What is a Satellite Solar Outage or Sun Outage?
- Sun outage (also known as sun interference or sun fade) is caused by the sun and occurs when the receiving earth station, satellite, and sun are all aligned. This is referred to as the conjunction of the sun and the satellite.
- When the Sun is directly behind a satellite from which an Earth station is attempting to receive or transmit data It usually happens twice a year, and earth stations install temporary or permanent guards to their receiving systems to prevent equipment damage.
Satellite Solar Outage Fundamental
- The phenomenon known as the “spacecraft Sun outage” occurs when solar radiation blocks out radio transmissions from a spacecraft. Because the ground station antenna cannot tell the difference between the Sun’s radiation and the signal it wants to send to the spacecraft, interferences like these develop.
- The solar outage can often impair the received signal for a few minutes every day for a few days for geostationary satellites. Such events’ precise date, time, and length are determined by several variables, including.
- Receiver location.
- The specific satellite’s location.
- Size, or more specifically the antenna’s beam width.
- The Sun’s apparent diameter, as measured from Earth (approximately 0.25°).
- Accuracy of antenna direction alignment concerning the satellite.
- The length of the solar blackout can be greatly affected by factors like antenna directivity. While antennas with higher gain and directivity levels, which are more frequently used for satellite reception, will be affected for considerably shorter periods, those with very wide beam widths could be affected for as long as half an hour. usually just a few moments.
- The outage is caused by solar noise. The effect can produce noise levels between 10 and 20 dB above the signals from transponders, depending on a variety of parameters, even during periods of low solar activity.
Solar Outage Angle
- It is possible to specify the receiving antenna’s so-called blackout angle. The separation angle between the satellite and the Sun (as measured from the ground station antenna) during the beginning or conclusion of a sun blackout or signal degradation is referred to as the solar outage angle of the antenna.
- The length of a solar outage cannot always be predicted with absolute certainty. The actual starting and ending points of the solar outage are progressive transitions. Additionally, there are a lot of variations among various installations and systems. As a result, some stations may have a total signal loss while others may merely see moderate signal degradation.
- As a result, without complete knowledge of the ground station hardware and satellite specifications, it is impossible to precisely determine the solar outage angles. The following equation, however, provides an approximation:Outage angle =
11/(Frequency) x (Diameter) + 0.25°Where (Frequency) = Downlink Frequency in GHz.
Where (Diameter) = Receiver parabolic reflector or dish antenna diameter in meters.
When does the Sun Outage Occur?
- The Southern Hemisphere’s autumnal equinox, as it is known there, occurs in March/April each year. The vernal equinox, which occurs on March 20, is recognized throughout the Northern Hemisphere.
- The sun lines up with your satellite dish and the satellite you are receiving when it crosses the equatorial plane, passing behind geostationary satellites. When the sun passes in front of a satellite, satellite dishes on earth pick up a much stronger signal from the sun, which quickly overwhelms satellite decoders and modems and causes the loss of the satellite signal. The sun is a massive source of broadband electromagnetic radiation, much stronger than the signals broadcast by satellites orbiting the earth.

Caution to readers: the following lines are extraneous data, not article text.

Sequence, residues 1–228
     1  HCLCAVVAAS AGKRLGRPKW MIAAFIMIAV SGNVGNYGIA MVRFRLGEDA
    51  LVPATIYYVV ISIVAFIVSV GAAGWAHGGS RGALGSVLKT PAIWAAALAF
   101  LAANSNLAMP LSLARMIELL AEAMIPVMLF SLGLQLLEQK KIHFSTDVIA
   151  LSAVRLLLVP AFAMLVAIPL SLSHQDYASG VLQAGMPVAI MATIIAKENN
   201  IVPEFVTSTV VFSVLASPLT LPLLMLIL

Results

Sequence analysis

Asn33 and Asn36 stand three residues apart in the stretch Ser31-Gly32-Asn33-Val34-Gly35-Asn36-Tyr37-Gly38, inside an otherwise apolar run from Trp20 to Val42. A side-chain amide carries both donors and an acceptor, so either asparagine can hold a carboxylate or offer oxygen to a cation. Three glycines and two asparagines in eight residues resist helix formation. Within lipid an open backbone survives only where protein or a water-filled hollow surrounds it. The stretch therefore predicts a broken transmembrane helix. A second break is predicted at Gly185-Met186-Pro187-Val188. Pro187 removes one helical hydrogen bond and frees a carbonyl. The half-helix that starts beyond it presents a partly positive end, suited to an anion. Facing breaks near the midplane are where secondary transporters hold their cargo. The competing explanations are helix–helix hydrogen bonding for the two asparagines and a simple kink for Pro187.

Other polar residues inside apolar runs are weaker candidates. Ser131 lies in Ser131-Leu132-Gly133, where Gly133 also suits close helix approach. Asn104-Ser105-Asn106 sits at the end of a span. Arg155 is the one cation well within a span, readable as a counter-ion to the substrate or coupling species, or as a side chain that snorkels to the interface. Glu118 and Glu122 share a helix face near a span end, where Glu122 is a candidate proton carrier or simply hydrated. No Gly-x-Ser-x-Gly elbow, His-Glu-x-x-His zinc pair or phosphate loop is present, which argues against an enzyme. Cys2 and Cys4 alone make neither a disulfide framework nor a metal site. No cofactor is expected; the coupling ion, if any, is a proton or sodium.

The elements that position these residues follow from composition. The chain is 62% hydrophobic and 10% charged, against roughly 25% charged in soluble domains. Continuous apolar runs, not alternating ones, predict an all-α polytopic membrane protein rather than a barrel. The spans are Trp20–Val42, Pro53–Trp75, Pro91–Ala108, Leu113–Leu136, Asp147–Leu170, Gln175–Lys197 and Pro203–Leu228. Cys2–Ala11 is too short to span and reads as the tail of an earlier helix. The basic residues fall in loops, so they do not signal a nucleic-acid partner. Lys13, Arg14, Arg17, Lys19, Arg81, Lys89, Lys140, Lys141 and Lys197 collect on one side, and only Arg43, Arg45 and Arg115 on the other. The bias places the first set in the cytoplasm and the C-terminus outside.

- Depending on the size of the satellite dish you are using and where you are on the planet, a solar blackout may last up to 10 minutes. The satellite decoder or modem can reacquire the signal from the satellite once the sun has risen from behind it, restoring service.
- After a solar outage, it may occasionally be necessary to restart the satellite decoder or modem to resume service.
- Depending on your position on earth, you can calculate the approximate time a solar outage will affect your ability to receive each satellite. This time will change slightly every day as the equinox approaches and passes.
There are numerous calculators available, and it is simple to anticipate the precise dates and times of solar outages. All that is required is knowledge of the satellite’s position (in some cases, just the satellite is required because the calculator may already have its coordinates), as well as the receiver’s location in latitude and longitude.
- It is frequently necessary to know the antenna’s beam width since it will help determine when the satellite solar outage will occur.
Conclusion Of What is a Sun Outage?
- The exact alignment of the sun, satellite, and receiving antenna causes sun outages. It occurs twice a year for a few days and about 12 minutes each time. which causes signal loss in the earthly receiving antennas. It results from thermal noise from the sun interfering with the satellite signal.
- The way these interference works is that, for instance, two people speaking to each other would be P1 and P2, and suddenly P3 would yell at P1. When that happens, P2’s voice will be replaced by P3’s voice alone.
- Sun Outage Occurs two times a year. For Northern Hemisphere, it occurs once in February & March and again in September & October. While for Southern Hemisphere it occurs once in March & April and again in August & September.